Crackdown on whiplash claims urged
Insurers must "get their house in order" and end practices which encourage fraud and exaggeration in vehicle whiplash injury claims, a report by MPs has said.
Ministers should consider reducing the limitation period for road accident insurance claims, and require whiplash claimants to produce more supporting evidence, said the report from the House of Commons Transport Committee.
But genuine claimants should not be demonised and the assertion that the UK is the "whiplash capital of the world" cannot be proved or disproved, the MPs said.
The report also warned that access to justice could be impaired by Government proposals to switch whiplash claims between £1,000 and £5,000 to the small claims court, particularly for people who do not feel confident to represent themselves against insurers who will use legal professionals to contest claims.
The use of the small claims track could also prove counter-productive in efforts to discourage fraudulent and exaggerated claims as expert evidence is not generally submitted.
In their report the MPs said: "We were surprised to hear that insurers will sometimes make an offer to personal injury claimants even before a medical report has been received. We also note that our previous recommendation on making the links between insurers and other parties involved with claims more transparent has been ignored.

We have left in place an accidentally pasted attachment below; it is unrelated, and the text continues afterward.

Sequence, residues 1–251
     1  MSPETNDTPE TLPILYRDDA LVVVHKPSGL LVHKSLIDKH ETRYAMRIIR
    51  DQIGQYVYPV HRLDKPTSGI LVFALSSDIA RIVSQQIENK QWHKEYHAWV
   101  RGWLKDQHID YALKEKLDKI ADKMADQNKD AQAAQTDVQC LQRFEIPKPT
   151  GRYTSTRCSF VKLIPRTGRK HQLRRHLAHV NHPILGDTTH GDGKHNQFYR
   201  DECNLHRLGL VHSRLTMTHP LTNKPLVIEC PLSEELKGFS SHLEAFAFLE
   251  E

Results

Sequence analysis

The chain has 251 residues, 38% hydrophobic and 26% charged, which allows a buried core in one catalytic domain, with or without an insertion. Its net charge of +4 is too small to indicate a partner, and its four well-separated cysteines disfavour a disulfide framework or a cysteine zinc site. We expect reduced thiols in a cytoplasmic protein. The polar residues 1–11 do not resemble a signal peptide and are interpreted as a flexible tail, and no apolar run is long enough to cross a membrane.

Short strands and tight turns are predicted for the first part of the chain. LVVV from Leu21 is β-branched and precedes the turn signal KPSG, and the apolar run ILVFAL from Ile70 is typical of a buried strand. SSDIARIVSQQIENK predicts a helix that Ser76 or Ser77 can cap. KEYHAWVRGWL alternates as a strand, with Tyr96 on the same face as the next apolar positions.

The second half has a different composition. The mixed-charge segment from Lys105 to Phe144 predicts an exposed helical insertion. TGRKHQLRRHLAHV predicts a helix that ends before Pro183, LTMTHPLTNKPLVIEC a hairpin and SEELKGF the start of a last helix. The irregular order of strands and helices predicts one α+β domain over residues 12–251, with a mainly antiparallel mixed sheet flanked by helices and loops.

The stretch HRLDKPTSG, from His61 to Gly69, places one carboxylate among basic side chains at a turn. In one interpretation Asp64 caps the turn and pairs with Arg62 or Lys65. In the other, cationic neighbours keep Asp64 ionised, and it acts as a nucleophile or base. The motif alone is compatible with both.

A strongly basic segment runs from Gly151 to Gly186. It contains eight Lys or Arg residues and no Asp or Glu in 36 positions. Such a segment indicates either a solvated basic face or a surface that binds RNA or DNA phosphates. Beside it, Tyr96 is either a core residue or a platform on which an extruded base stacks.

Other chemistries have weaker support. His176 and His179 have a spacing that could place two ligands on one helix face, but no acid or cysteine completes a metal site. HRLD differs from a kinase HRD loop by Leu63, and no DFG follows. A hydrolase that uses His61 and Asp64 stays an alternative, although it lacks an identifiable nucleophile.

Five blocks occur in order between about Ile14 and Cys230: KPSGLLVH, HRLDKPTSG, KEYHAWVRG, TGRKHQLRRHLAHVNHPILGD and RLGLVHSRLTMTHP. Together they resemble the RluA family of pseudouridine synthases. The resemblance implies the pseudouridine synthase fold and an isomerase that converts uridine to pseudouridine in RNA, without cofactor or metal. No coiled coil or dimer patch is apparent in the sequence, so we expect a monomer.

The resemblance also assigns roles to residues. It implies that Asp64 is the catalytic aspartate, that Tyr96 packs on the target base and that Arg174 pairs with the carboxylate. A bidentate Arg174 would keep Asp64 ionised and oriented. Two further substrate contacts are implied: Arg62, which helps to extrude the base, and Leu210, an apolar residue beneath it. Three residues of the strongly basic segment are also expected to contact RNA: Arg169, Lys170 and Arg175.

"Insurers must immediately get their house in order and end practices which encourage fraud and exaggeration. If not, the Government should take steps to protect motorists."
Launching the report, the committee's chairman Louise Ellman said: "Whiplash injuries can have debilitating consequences for those who suffer them. However, some of the increase in whiplash claims will have been due to fraud or exaggeration. To help bring insurance premiums down the Government must tighten up the requirements for motor insurance claims and ensure that insurers honour their commitment to reduce premiums."
Justice minister Helen Grant said: "Honest drivers should not have to bear the price of a whiplash claims system which has been abused and has contributed to increased insurance costs.
"We have already made major law changes to turn the tide on compensation culture to help ordinary people with the cost of living - and we have heard this week that insurance premiums are now falling as this starts to make an impact."